Thanks to the Little One for One Drop, even the most casual player can contribute to a worthy cause.
Good vibes were present throughout the Rio as a massive field banded together in the name of charity. Event #58, the Little One for One Drop, proved unique in several ways. For one, $111 out of every entry will be donated to the One Drop Foundation. The charitable organization founded by Cirque du Soleil mogul Guy Laliberte works to ensure that nature’s most bountiful resource, clean water, is provided to everyone in the world. The Little One marks the second charitable event at this year’s WSOP; the first one being the recently concluded $111,111 High Rollers event won by Anthony Gregg. The inaugural One Drop tournament took place in 2012 and featured an otherworldly $1 million buy-in.
Secondly, Event #58 is the only tournament this year to feature unlimited buy-ins throughout the first four levels. What this means is that no matter how many times a player busts, they can spend an additional buy-in to get back in. Naturally, this led to some of the most aggressive play we’ve seen thus far at the WSOP. Take accomplished pro Greg Mueller for instance. Mueller busted on three different occasions, all within a half-hour of one another. Finally, on his fourth bullet, the resilient pro was able to double through, and now sits on over 13,000 chips. This type of ultra-aggressive play was prevalent throughout the rebuy period.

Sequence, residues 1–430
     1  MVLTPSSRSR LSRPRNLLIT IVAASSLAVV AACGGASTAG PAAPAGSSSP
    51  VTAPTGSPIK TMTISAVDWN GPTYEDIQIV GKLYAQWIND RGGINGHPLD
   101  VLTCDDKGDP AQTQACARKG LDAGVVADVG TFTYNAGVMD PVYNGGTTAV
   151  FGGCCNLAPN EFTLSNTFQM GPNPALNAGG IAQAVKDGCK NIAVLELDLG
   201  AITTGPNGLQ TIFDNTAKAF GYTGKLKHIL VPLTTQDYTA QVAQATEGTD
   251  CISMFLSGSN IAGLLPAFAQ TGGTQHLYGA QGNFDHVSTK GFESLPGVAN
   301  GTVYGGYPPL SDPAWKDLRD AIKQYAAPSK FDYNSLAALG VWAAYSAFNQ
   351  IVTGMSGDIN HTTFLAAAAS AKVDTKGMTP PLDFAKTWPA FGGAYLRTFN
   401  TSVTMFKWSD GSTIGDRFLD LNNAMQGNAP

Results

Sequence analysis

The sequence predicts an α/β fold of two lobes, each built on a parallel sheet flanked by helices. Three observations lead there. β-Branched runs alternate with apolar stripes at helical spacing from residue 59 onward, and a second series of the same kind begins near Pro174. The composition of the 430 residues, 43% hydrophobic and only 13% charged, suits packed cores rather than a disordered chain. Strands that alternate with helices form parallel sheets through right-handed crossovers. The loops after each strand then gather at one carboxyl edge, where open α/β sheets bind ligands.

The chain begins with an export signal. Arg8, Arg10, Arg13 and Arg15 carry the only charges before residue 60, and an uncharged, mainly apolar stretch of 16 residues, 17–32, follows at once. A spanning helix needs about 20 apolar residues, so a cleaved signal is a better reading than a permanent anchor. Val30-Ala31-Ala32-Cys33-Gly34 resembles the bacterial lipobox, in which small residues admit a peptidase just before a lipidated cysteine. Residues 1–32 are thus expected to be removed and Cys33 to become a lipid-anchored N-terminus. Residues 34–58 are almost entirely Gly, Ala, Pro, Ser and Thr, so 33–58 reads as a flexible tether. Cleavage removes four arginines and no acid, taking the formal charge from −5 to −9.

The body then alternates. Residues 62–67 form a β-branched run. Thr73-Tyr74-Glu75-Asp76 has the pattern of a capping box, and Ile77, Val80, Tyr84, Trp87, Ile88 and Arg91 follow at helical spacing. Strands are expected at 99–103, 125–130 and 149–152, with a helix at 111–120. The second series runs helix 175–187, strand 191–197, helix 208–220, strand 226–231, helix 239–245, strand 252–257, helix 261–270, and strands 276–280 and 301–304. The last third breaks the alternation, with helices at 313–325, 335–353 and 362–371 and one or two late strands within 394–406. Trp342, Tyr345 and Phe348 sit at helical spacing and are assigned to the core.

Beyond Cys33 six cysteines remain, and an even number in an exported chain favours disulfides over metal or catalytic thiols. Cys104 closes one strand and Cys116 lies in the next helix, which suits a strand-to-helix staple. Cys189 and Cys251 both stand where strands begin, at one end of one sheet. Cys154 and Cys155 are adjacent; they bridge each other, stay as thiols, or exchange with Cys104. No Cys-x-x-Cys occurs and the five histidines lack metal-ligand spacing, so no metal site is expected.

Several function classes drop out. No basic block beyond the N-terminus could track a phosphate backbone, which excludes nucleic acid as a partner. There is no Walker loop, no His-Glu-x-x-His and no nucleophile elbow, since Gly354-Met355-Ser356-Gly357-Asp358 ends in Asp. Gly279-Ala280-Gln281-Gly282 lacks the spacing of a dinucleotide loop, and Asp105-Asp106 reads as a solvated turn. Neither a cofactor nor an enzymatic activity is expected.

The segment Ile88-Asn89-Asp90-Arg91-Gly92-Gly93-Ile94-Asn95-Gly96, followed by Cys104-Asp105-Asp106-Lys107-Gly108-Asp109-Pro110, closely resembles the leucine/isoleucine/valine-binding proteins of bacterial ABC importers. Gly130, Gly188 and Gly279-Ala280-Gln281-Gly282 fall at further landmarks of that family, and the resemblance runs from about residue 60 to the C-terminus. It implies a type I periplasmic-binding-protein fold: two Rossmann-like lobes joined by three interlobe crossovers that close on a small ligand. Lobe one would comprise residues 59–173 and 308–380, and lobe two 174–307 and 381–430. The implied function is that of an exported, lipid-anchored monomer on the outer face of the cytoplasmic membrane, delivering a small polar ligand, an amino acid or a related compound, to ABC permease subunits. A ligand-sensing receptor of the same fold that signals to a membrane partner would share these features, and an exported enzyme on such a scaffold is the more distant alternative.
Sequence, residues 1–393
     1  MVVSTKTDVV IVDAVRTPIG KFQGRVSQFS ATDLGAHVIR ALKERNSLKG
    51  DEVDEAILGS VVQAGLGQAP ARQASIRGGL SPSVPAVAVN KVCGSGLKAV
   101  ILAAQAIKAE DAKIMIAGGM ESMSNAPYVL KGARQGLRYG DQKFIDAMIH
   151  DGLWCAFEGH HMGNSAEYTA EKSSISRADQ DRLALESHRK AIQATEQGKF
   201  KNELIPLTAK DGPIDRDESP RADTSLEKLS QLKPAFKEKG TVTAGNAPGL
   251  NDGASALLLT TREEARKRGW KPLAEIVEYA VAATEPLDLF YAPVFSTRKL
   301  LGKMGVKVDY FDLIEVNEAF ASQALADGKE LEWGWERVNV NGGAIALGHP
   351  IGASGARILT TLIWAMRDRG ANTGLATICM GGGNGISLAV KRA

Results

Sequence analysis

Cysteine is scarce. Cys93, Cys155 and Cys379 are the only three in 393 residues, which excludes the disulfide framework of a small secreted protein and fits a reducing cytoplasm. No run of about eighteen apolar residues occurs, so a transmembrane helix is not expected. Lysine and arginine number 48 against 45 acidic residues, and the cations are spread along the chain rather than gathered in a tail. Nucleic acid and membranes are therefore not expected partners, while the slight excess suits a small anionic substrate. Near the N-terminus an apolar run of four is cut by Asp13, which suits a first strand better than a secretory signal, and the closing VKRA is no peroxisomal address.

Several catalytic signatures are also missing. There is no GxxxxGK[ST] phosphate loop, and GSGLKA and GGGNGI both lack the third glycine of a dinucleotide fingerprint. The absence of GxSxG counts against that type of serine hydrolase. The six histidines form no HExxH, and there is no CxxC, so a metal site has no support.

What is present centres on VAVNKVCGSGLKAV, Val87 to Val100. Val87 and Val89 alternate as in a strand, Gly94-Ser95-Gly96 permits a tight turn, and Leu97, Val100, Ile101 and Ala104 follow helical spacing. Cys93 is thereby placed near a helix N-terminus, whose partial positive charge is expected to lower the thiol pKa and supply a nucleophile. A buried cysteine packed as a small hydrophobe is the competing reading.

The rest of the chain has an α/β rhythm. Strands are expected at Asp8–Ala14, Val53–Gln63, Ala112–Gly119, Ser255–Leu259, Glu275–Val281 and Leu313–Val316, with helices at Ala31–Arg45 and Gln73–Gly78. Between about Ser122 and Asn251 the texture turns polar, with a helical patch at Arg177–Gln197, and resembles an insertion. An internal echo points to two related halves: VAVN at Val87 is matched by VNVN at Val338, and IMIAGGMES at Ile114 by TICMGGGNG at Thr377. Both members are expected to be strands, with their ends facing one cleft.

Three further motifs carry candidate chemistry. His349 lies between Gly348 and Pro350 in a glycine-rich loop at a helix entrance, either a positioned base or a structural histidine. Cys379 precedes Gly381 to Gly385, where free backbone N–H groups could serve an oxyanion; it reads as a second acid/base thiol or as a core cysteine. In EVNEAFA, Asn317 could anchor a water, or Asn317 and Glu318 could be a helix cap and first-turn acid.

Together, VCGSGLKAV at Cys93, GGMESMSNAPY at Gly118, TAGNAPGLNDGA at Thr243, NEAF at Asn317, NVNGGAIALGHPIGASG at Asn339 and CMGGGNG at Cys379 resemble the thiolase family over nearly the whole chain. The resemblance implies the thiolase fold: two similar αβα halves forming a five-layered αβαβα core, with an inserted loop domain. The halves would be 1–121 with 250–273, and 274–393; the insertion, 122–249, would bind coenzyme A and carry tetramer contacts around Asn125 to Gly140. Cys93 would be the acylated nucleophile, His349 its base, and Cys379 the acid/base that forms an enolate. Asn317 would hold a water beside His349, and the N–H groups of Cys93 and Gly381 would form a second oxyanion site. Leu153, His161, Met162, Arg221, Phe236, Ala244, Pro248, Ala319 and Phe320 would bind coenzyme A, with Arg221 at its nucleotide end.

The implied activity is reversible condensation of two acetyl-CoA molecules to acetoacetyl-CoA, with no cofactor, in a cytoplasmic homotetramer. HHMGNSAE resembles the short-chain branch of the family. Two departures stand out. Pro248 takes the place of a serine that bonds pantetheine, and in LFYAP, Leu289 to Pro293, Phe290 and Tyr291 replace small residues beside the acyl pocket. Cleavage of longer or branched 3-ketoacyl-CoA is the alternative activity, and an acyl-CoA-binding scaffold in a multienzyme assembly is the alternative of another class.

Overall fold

The Little One clearly favors top pros and others with a hefty bankroll. Whereas the average player can probably only afford one bullet, pros will have multiple chances to accumulate chips.
And they’ll need it. The Little One for One Drop drew more entries than almost any other tournament this year. On Day 1a alone, 2,233 players showed up. That’s over 2,000 entries before rebuys were even calculated. However, the tournament’s aggressive pace and fast structure led to swarms of early knockouts, and only 428 players, or about one-fifth of the field, survived the day.
Day 1b was no different as thousands of hopefuls poured into the Rio. All told, the prize pool for the event topped off at $4,280,400. First place will receive a staggering $663.7 while second will net over $408k. Not a bad payday for a $1k entry event.
It is assumed that the tournament has raised nearly half a million dollars for One Drop. As always, players who cash in the tournament are encouraged to donate an additional 1% of their winning to the foundation.
Alright, so the prize pool won’t be as large as the One for One Drop High Rollers event. But the Little One is a worthy option for regular Joe’s who want the opportunity to contribute to a worthy cause and possibly make some bank in the process. It’s good to give.